Code REDD announced the launch today of Stand For Trees, the first consumer campaign that uses the power of social media and crowdfunding to enable users to take action to reduce deforestation and curb climate change.
Individuals are asked to purchase $10 Stand for Trees certificates, which each prevent one metric tonne of carbon dioxide (CO2) from being released into the atmosphere while protecting threatened ecosystems that sustain forest communities and numerous endangered species.
“Stand for Trees can be a game-changer by harnessing the power of crowdfunding to protect forests, the air we breathe, and the climate that sustains us. It offers a clear and affordable way to make a real difference,” actor and UN Goodwill Ambassador for Biodiversity, Edward Norton said in a statement.
Funds generated by sale of the certificates go to the development of sustainable livelihoods and the protection of forests in specific REDD+ project areas around the world. These projects provide developing countries with an economic alternative to deforestation, creating a low-carbon pathway to economic growth.
The certificates are verified carbon credits based on the REDD+ model and held to standards set by the Verified Carbon Standard and Climate Community and Biodiversity Alliance. That community includes prominent NGOs such as CARE, The Nature Conservancy and the Rainforest Alliance. Once purchased, the credits are registered on Markit, the world’s largest environmental registry services provider. Independent certifiers in the field ensure that certificate revenue reaches its intended target and enables specific forest communities to halt deforestation and move to more sustainable livelihoods.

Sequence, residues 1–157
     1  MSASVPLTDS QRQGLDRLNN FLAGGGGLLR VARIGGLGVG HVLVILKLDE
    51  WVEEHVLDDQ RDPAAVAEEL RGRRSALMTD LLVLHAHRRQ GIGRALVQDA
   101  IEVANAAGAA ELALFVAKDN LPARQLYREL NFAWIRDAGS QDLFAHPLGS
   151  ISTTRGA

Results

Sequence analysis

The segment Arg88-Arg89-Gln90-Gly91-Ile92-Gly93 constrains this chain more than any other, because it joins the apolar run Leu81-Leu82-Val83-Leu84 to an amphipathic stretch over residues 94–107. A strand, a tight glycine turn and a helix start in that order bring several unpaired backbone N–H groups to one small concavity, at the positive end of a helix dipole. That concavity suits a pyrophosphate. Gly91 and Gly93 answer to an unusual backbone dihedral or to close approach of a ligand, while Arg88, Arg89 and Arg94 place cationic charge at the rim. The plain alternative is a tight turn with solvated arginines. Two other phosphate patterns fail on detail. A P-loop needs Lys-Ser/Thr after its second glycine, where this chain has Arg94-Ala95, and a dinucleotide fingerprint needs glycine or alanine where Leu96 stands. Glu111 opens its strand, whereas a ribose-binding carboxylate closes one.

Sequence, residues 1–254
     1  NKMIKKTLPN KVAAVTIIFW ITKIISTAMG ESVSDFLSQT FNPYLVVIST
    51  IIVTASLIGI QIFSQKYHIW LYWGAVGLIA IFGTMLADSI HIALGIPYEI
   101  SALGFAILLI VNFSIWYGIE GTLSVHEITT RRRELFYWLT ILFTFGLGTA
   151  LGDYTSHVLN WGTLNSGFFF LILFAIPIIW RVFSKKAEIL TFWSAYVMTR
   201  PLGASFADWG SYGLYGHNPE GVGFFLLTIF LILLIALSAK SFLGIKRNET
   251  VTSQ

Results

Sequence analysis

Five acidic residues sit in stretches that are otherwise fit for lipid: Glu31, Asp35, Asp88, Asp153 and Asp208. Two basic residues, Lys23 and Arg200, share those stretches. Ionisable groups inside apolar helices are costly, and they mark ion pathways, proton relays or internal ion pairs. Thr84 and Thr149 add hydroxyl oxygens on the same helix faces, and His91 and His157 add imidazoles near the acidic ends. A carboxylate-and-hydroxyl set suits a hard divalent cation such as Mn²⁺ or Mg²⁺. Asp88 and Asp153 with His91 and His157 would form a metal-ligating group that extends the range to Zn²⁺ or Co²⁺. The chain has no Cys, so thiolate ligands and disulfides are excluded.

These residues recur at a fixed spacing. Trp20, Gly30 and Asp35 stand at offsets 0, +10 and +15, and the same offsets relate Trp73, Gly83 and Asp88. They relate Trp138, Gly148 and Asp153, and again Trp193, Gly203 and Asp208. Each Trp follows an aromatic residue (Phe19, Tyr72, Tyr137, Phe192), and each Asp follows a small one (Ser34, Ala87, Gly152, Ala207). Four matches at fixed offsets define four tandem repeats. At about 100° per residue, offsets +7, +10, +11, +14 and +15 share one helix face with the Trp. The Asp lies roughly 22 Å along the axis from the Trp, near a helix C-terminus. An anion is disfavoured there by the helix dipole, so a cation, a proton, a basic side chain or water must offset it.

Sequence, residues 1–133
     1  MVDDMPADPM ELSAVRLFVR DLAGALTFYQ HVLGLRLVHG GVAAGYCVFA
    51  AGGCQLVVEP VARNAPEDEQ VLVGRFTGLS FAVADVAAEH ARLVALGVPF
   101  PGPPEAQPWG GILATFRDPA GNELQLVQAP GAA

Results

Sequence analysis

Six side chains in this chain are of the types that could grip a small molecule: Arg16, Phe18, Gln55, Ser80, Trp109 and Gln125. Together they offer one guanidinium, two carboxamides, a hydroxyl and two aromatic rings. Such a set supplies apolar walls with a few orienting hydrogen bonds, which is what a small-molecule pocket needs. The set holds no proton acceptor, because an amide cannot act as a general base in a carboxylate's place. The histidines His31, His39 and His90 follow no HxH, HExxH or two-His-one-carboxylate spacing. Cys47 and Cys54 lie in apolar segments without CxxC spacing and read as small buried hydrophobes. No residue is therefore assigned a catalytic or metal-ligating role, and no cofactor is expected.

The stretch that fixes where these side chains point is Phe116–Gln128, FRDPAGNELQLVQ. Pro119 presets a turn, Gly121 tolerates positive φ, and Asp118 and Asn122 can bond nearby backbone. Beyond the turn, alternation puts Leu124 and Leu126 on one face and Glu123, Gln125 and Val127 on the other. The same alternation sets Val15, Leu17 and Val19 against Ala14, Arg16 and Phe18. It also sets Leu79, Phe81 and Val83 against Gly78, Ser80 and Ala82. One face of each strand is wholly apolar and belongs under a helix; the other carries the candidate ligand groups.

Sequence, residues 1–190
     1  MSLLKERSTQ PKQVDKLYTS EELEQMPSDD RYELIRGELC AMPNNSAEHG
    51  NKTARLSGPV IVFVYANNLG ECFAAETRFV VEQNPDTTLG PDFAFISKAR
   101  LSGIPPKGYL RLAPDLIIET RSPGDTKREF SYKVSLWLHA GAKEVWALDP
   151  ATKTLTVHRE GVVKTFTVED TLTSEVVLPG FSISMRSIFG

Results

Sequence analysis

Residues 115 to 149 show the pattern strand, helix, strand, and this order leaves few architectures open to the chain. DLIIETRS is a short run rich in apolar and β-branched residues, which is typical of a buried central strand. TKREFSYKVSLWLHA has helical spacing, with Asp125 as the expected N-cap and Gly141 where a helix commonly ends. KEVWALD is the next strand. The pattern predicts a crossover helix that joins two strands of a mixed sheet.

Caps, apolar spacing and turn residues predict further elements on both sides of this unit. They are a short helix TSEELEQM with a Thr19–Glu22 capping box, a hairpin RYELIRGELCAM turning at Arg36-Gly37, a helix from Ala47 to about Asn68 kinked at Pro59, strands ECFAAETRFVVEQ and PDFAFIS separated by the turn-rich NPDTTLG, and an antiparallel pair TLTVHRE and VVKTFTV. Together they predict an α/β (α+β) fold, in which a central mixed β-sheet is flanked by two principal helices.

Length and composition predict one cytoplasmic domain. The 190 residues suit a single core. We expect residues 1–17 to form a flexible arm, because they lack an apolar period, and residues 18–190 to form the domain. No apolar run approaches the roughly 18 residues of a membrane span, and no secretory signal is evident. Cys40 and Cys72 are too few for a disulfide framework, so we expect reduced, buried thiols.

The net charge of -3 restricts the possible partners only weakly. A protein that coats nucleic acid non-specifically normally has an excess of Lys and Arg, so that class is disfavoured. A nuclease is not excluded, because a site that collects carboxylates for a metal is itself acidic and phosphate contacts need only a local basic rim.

The mobile site was funded by the U.S. Agency for International Development (USAID) as part of its Global Climate Change initiative. The program supports efforts to make forest conservation socially equitable and economically viable by implementing REDD+ projects around the world, specifically in Colombia.
“REDD+ is a sustainable, cost-effective means for mitigating climate change,” said Rajendra K. Pachauri, Ph.D, Chairman of the Intergovernmental Panel on Climate Change. “REDD+ can also provide substantial economic and social co-benefits and help conserve biodiversity and water resources.”
“REDD+ has been a blessing to our community. We now have the resources to protect our forests and our culture, and we take great pride in helping stop global warming,” said Everildys Córdoba, project coordinator for the Chocó-Darién Conservation Corridor, a REDD+ project in northern Colombia. The project prevented the emission of 100,000 tonnes of CO2 during its first 18 months and expects to prevent the emission of more than 2.8 million tonnes during the project’s 30-year lifespan.
“We should never underestimate the power of grassroots action,” said Karin Burns, executive director of Code REDD. “By standing for trees, everyday people can have an outsized impact on saving tropical forests and our climate."
As global companies including Mars, Wilmar International, PepsiCo, Asia Pulp & Paper and more begin to work to make good on their zero-deforestation commitments, with varying results, Stand for Trees’ grassroots model is a fresh angle in the ongoing fight against deforestation.